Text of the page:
By Sharon Bottcher at Current Consulting Group (CCG)
This information is provided for educational purposes only. Reader retains full responsibility for the use of the information contained herein.
The Controlled Substances Act of the U.S. Drug Enforcement Administration currently classifies marijuana as a Schedule I substance, meaning that it has no accepted medical use and has a high potential for abuse. Due of the status of Schedule I drugs, research is almost impossible, as most research institutes are banned from holding these substances. Therefore, access to study marijuana for its potential medicinal value and the health and safety effects is limited at this time. Also, according to the U.S. Centers for Disease Control and Prevention, marijuana — or cannabis — is the most commonly-used federally illegal drug in the United States.
Regardless of the federal prohibition of marijuana, the growing acceptance of marijuana use in recent years has led to the explosion of state laws legalizing the use of marijuana for medical and recreational use. Currently twenty-three states as well as Washington D.C., have passed laws legalizing marijuana for non-medical adult use and forty-one states and Washington, D.C., for medicinal purposes.
Early in the legalization of marijuana most states provided few or no job protection for off-duty use. Newer laws tend to afford more job protection and employers must know the ins and outs of the law for compliance. In some states, laws protect medical marijuana users but not recreational users while others state laws provide employment protections for both. As part of the employee protections, many states passing medicinal and recreational marijuana laws have put into place stipulations that require employers to prove there is a connection between a positive drug test result and actual impairment before taking adverse employment action.
What Determines Impairment?
If state laws protect employees and limits employers from employee discipline based solely on a positive marijuana test, how are employers able to protect their employees from an individual under the influence or impaired by marijuana during work hours?
For starters, in states that require impairment as part of the testing process, employers must first understand that marijuana impairment refers to the effects of cannabis on cognition, motor skills, perception, and physical health. Current testing methods do not identify impairment or intoxication, only the presence of marijuana metabolites or THC, the psychoactive ingredient in marijuana.
There is no clear definition or measurement of marijuana impairment and employers must establish a reasonable belief that individual work abilities are impaired by marijuana. Therefore, the safest and most comprehensive way to determine impairment is to balance recent-use drug testing with an investigation into whether an employee exhibited any of the physical and/or behavioral signs typically associated with impairment.
To successfully prove impairment, the employer must first gather sufficient evidence or traits that would justify and merit the request for a drug test. There is not an all-inclusive list of signs and symptoms of impairment; however, there are common signs and symptoms of possible impairment to watch for which include, but are not limited to the following:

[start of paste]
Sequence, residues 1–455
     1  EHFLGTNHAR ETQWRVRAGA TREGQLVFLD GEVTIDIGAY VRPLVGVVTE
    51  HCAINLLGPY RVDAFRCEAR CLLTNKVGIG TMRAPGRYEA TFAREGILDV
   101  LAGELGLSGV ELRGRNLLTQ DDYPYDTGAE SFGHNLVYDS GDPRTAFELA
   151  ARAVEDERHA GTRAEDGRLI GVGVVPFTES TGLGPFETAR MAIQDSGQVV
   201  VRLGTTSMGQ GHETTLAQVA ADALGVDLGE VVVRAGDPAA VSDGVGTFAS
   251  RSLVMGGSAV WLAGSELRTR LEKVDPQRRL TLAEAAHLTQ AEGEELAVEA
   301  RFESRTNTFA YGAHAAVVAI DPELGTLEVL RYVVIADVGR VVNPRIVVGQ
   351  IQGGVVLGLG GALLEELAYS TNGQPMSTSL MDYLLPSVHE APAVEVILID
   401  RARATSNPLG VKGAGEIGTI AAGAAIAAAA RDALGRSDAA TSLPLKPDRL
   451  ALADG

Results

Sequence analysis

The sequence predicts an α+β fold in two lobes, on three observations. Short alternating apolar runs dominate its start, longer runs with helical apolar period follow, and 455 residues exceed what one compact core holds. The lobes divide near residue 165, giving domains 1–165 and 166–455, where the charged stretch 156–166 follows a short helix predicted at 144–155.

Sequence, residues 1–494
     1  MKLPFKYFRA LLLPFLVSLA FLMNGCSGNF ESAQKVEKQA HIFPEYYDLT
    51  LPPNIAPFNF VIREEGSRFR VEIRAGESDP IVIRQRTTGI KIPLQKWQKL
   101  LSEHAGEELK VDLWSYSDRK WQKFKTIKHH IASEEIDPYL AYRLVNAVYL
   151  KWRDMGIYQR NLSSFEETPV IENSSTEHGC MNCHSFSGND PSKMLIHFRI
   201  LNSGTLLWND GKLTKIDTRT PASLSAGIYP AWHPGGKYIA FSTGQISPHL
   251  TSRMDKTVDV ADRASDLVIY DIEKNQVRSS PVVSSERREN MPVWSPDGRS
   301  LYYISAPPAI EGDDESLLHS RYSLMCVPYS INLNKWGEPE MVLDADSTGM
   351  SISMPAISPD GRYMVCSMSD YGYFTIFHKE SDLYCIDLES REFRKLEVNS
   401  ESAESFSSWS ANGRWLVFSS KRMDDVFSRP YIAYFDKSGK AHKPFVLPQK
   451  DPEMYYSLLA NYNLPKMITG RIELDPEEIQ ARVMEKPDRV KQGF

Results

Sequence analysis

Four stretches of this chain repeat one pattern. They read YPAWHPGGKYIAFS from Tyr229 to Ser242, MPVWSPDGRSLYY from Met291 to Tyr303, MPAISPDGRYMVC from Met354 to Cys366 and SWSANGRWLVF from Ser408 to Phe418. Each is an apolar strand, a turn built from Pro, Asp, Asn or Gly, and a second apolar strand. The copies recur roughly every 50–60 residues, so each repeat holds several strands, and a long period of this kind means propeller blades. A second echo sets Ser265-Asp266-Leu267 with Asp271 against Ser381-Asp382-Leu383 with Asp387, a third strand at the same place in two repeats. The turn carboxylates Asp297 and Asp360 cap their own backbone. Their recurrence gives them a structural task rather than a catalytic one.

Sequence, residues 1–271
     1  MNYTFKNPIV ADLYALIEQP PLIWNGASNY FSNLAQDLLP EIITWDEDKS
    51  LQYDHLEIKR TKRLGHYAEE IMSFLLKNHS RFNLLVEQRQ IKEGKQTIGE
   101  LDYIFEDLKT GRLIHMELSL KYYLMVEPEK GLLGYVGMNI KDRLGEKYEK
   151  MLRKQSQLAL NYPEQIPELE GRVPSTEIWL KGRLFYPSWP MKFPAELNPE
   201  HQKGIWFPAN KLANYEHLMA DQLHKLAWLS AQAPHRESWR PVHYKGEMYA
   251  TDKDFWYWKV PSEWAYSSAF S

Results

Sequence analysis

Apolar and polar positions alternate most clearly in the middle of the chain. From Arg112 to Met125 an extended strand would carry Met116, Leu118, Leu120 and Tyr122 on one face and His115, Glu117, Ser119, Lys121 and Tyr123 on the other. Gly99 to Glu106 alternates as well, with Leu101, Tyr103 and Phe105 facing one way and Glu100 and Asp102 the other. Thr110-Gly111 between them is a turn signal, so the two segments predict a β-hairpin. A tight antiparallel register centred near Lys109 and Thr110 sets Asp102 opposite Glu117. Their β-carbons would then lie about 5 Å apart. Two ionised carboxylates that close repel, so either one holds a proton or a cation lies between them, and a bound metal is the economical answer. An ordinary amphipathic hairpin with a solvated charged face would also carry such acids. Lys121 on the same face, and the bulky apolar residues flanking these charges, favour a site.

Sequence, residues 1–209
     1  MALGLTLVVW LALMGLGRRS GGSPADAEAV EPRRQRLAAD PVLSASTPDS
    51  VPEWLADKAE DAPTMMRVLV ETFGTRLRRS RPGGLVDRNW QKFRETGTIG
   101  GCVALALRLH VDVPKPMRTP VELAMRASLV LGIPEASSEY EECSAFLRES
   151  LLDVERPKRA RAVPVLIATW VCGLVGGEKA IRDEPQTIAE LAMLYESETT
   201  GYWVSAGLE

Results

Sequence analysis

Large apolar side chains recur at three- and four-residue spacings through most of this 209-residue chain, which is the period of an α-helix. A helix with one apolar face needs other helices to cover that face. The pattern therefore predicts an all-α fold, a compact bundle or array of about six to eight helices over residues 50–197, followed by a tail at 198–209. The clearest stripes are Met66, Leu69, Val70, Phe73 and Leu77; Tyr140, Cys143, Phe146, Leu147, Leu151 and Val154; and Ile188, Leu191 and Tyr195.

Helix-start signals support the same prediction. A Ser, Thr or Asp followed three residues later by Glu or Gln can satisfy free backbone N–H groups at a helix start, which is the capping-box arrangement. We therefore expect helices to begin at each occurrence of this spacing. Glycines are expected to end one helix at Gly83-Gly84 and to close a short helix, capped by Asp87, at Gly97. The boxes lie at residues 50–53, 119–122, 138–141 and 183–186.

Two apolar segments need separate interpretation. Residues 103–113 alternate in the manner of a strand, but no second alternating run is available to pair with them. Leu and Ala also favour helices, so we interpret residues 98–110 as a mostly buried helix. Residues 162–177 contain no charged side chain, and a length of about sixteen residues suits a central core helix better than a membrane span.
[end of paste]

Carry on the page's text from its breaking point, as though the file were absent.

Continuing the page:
- Physical: poor appearance/hygiene, sweating, tremors, restlessness, bloodshot eyes, dilated or constricted pupils, smell or odor of marijuana, etc.
- Psychosocial: mood fluctuations, inappropriate verbal or emotional responses, irritability, confusion, memory lapses, isolation, lack of focus, lying, etc.
- Performance: calling in sick frequently or working more overtime, arriving late/leaving early, extended breaks, errors in judgment, deterioration in performance, non-compliance with policies, changes in quality of work, etc.
The identified behaviors should be properly documented, as they serve as a record for witnessed impairment behaviors. The drug test is then used to rule out prohibited drugs as a source of a particular behavior. Documenting signs and symptoms of impairment does not necessarily mean that an individual is using drugs and needs a drug test. Rather, a drug test for post-documented signs is used to exclude possible impairment as a cause of unusual behavior.
The next step is the most difficult and many managers fear confronting individuals with the witnessed behavior, but proper documentation and training will help alleviate concerns with addressing employees exhibiting signs of impairment.
Developing a Workplace Policy on Drug Impairment
It is vital to include specific state law requirements in your policy. At a minimum, your policy should include the impact of possible impairment, company or state definitions of “impairment” or “under the influence,” and required employee conduct. The policy should also clearly indicate the employer’s position on the use, possession, or being under the influence of substances while at work.
While the employer is ultimately responsible for developing a policy that includes the applicable provisions required, the supervisor has a vital role to play in the safety of their teams. Supervisors should be educated regularly on policy changes as regular reviews and updates occur. The success of the supervisor, in part, is determined by an accurate and comprehensive policy.
Keeping up with the influx of marijuana laws is a grueling task but we can make it easy for you. If you need a compliant policy or if you’re interested in learning more about our training services, contact the experts at Current Consulting Group at 954.944.0400 or [email protected].
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